Here's the key lesson that venture investors have learned: confidence isn't the same thing as competence, and it certainly doesn't always correlate to integrity. In fact, sometimes confidence can be misleading. Charismatic founders who lack sound judgment, for example, will inevitably make bad decisions and lead the entire organization down the wrong strategic path. Worse, the founder won't recognize or admit to his mistake and will keep evangelizing and inspiring everyone toward the wrong goalposts, right up until they score in the wrong end zone. Low integrity mixed with poor judgment is a lethal cocktail for investors.

With all of this to consider, how exactly should key decision makers - top venture capitalists and corporate boards - assess integrity and character ex-ante, before pulling the trigger on a new investment or before hiring a new CEO? Professor Dey was (partly) correct. External clues like speeding tickets or lavish spending habits can be helpful. But these clues are just one data point. Savvy organizations - like one of the world's best private equity firms, Partners Group - are far more meticulous. They hunt down multiple, mutually reinforcing data points that in aggregate paint the whole picture of a candidate. As with the master pointillist Georges Seurat's work, the image can't be fully appreciated until the artist includes enough data points on the canvas.

In my work with corporate boards and private investors, I recommend they conduct case-based assessments, kind of like the ones they use at top business schools, which allow the company to see how prospects react in real time to challenging but unfamiliar circumstances. These situations require sound judgment, empathy, and ethical awareness.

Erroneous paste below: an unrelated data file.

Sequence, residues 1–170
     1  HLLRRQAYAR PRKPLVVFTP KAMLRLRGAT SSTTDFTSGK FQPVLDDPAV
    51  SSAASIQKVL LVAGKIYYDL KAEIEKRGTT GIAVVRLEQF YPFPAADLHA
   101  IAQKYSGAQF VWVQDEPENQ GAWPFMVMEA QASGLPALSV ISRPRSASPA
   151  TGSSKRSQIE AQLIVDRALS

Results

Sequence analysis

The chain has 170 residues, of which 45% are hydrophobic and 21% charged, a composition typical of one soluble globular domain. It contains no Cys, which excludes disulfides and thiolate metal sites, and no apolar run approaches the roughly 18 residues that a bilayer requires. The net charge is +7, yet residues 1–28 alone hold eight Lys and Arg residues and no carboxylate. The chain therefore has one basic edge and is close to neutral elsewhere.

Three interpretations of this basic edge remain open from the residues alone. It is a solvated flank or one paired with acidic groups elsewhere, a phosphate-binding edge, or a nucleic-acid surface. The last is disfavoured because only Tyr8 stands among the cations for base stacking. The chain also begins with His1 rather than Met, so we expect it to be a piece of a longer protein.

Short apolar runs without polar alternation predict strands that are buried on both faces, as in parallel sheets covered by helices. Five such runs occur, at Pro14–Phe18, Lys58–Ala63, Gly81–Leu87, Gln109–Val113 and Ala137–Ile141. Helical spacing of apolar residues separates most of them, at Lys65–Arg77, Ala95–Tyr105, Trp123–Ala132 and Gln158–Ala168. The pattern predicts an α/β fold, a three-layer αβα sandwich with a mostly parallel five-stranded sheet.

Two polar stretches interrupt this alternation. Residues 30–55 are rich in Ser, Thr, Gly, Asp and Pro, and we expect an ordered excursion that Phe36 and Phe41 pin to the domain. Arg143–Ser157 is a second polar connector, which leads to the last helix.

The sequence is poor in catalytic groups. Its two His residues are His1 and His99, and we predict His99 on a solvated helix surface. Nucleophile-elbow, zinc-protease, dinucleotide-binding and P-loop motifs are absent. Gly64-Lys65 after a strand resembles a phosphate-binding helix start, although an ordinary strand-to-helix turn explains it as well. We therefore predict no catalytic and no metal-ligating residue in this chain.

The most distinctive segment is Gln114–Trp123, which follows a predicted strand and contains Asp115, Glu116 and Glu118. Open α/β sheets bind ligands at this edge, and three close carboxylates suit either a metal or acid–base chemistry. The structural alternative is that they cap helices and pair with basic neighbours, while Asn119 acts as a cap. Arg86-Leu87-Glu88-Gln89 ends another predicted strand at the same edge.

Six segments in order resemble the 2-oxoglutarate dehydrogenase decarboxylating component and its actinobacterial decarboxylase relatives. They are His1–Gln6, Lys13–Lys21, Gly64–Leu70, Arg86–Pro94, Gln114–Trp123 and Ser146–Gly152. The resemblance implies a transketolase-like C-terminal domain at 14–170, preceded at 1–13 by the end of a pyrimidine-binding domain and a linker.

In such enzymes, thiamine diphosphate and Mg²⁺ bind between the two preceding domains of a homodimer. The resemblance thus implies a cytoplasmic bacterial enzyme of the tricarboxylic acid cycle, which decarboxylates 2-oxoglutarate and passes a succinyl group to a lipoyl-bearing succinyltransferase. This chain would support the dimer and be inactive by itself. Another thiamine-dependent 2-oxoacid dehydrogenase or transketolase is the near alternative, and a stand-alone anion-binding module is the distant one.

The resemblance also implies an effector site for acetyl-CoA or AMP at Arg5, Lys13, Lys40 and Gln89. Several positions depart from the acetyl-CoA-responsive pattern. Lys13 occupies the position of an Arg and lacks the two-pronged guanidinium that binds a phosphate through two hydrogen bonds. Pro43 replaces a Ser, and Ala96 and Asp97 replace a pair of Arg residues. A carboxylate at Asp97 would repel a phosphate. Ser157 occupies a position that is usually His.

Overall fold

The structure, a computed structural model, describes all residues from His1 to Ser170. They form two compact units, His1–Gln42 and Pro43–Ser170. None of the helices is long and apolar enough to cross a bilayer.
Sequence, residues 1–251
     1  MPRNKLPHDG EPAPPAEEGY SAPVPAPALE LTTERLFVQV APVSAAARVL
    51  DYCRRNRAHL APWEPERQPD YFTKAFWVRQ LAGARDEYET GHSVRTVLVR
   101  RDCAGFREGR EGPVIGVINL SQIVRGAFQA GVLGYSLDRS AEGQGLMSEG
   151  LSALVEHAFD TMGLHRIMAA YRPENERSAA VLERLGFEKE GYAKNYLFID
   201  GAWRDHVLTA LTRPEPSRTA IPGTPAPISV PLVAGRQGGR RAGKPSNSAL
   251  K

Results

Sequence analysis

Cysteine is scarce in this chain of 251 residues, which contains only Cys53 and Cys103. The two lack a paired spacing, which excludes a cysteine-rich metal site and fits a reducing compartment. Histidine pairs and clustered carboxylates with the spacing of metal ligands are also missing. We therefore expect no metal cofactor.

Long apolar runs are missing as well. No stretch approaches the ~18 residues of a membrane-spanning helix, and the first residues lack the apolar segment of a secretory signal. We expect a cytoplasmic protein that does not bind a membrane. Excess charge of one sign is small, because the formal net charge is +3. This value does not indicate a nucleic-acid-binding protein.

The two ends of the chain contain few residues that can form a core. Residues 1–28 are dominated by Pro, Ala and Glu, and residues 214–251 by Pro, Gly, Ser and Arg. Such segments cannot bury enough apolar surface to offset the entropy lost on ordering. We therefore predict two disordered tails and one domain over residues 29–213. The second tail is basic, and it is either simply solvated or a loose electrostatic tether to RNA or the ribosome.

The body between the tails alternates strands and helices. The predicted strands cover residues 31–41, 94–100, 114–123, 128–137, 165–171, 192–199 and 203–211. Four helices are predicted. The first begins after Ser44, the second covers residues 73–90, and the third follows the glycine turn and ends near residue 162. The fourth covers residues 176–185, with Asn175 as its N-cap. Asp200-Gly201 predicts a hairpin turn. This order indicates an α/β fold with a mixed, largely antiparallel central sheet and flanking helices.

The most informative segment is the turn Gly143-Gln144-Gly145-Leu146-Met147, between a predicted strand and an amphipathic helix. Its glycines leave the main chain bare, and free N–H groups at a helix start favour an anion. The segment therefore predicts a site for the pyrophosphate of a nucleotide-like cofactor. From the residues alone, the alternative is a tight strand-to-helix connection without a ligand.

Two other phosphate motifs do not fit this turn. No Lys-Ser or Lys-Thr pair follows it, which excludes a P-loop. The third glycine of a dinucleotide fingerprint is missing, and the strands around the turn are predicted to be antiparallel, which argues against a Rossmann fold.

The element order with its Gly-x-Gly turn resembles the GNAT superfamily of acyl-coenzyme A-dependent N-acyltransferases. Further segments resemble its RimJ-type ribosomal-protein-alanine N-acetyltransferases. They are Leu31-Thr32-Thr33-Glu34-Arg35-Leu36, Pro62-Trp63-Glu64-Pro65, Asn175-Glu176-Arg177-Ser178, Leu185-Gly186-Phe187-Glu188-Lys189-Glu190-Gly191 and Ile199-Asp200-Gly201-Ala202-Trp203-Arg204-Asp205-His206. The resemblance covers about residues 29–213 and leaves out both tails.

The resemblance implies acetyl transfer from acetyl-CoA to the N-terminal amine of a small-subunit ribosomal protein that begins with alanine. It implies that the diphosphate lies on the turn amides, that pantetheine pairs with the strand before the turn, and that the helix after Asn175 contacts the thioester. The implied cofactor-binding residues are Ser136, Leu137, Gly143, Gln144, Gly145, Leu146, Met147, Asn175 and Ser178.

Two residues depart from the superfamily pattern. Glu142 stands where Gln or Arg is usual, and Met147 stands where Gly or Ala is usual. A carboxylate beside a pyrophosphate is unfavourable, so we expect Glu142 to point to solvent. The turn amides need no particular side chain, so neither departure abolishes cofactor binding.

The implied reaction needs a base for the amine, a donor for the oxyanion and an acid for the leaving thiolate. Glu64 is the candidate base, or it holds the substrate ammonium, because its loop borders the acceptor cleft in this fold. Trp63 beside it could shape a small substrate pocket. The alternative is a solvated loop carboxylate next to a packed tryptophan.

Although case studies won't guarantee integrity, they will help illuminate whether the candidate understands subtle ethical nuances when there are shades of grey embedded in key decisions. Specifically, these case studies (during which specific questions are asked about past experiences and lessons learned), combined with a thorough past behavioral interview and 360-referencing, provide the complete picture.

Thrown into stark relief during this assessment process will be the candidate's sense of self-awareness and good judgment. Do they make well-informed decisions? Do they know their weaknesses? Are they able to articulate their leadership style, core values, and most importantly their insecurities and anxieties, like a lack of impulse control? After all, there is no such thing as a perfect leader.

Again, there's no way for any company to guarantee the integrity of a candidate. Some residual risk remains in every big hire or investment decision. However, this multi-data-point assessment process is still significantly better than the alternative: being wowed by a confident, charismatic, slick entrepreneur with "all the answers" during an investor pitch or board presentation, who ultimately may be following the same path as Sam Bankman Fried, or countless other entrepreneurs who were hailed as visionaries - right up until the moment they weren't.

Going full circle, I can't help but wonder: did Sam Bankman-Fried have any speeding tickets before he wrangled a big check out of Sequoia?